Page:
Date: 05/28/99 at 11:32:13 From: Cassie Bishop Subject: Counterfeit money A man goes into a shoestore and buys a pair of shoes for $5. He pays with a counterfeit $20 bill but the shoestore owner does not realize it. Not having change for the $20 bill, the owner runs to the grocer next door. The grocer gives the shoestore owner four $5 bills and the shoestore owner gives the man the shoes and $15 change. Later the grocer comes back to the shoestore owner with the FBI and informs him that the $20 bill was counterfeit, so the shoestore owner gives the grocer $20, and the FBI keeps the counterfeit bill. How much did the shoestore owner lose? This is all of the information we have been supplied. Our Algebra class is divided on the answer, so I am asking for your help. Cassie Bishop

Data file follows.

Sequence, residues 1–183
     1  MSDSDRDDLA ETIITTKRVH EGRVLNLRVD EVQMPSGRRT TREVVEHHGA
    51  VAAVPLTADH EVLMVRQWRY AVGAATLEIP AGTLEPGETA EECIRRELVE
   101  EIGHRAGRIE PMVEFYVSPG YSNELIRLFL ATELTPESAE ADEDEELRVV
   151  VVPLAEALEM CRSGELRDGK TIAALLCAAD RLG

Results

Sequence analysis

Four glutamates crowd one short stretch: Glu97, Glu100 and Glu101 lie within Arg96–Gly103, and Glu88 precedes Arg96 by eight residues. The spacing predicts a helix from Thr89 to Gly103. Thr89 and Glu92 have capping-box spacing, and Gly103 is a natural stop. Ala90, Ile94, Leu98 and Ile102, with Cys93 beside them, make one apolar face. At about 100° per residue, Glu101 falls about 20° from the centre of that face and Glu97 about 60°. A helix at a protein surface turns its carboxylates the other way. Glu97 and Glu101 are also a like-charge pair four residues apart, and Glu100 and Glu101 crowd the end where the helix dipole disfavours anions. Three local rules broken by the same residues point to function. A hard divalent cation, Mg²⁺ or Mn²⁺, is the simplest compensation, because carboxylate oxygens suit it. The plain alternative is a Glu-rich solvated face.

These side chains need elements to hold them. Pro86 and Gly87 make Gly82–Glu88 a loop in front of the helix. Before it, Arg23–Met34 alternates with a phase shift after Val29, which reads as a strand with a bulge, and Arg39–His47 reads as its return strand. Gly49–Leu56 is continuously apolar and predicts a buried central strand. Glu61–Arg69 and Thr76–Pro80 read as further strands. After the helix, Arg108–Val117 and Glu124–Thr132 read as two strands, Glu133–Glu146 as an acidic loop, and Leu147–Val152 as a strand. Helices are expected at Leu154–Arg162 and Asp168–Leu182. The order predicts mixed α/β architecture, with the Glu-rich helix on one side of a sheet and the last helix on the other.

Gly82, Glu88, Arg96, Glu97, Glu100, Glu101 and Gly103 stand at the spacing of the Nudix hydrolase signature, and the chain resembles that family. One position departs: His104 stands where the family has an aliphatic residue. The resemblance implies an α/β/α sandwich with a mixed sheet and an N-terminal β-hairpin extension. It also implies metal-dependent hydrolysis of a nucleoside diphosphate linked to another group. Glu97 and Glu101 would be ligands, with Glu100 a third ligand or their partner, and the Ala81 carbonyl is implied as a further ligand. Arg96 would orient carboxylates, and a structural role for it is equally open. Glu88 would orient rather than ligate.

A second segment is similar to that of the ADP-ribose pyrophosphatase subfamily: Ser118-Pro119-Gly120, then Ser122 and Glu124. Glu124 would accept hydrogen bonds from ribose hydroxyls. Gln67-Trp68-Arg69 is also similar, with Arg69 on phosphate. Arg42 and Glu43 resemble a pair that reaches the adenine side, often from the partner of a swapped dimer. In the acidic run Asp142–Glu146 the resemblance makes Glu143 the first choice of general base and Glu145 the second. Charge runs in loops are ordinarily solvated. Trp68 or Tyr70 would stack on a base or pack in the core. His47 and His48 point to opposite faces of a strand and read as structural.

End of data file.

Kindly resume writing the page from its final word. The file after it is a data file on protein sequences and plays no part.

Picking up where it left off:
Date: 05/28/99 at 12:22:29 From: Doctor Peterson Subject: Re: Counterfeit money Hi, Cassie. You can diagram the situation this way, with C for the counterfeit bill and S for the shoes: Buyer Shoestore Owner Grocer FBI -C ---------> +C -C ------------> +C +$20 <------------ -$20 +S+$15 <--------- -S-$15 -$20 ------------> +$20 -C ----------> +C ======== ====== ==== == -C+S+$15 -S-$15 +0 +C Let's think about what everyone has gained or lost: The buyer lost a counterfeit bill, and gained a pair of shoes and $15. The shoestore lost a pair of shoes and $15 (the counterfeit bill just passed through, and the extra $20 just paid for the 4 $5 bills). The grocer came out even. The FBI gained a counterfeit bill. Technically, the shoestore didn't lose $20, since the shoes didn't actually cost the store $5. We can't say how much money they actually lost; but I notice the question didn't ask how much money, just how much. Smart! - Doctor Peterson, The Math Forum http://mathforum.org/dr.math/
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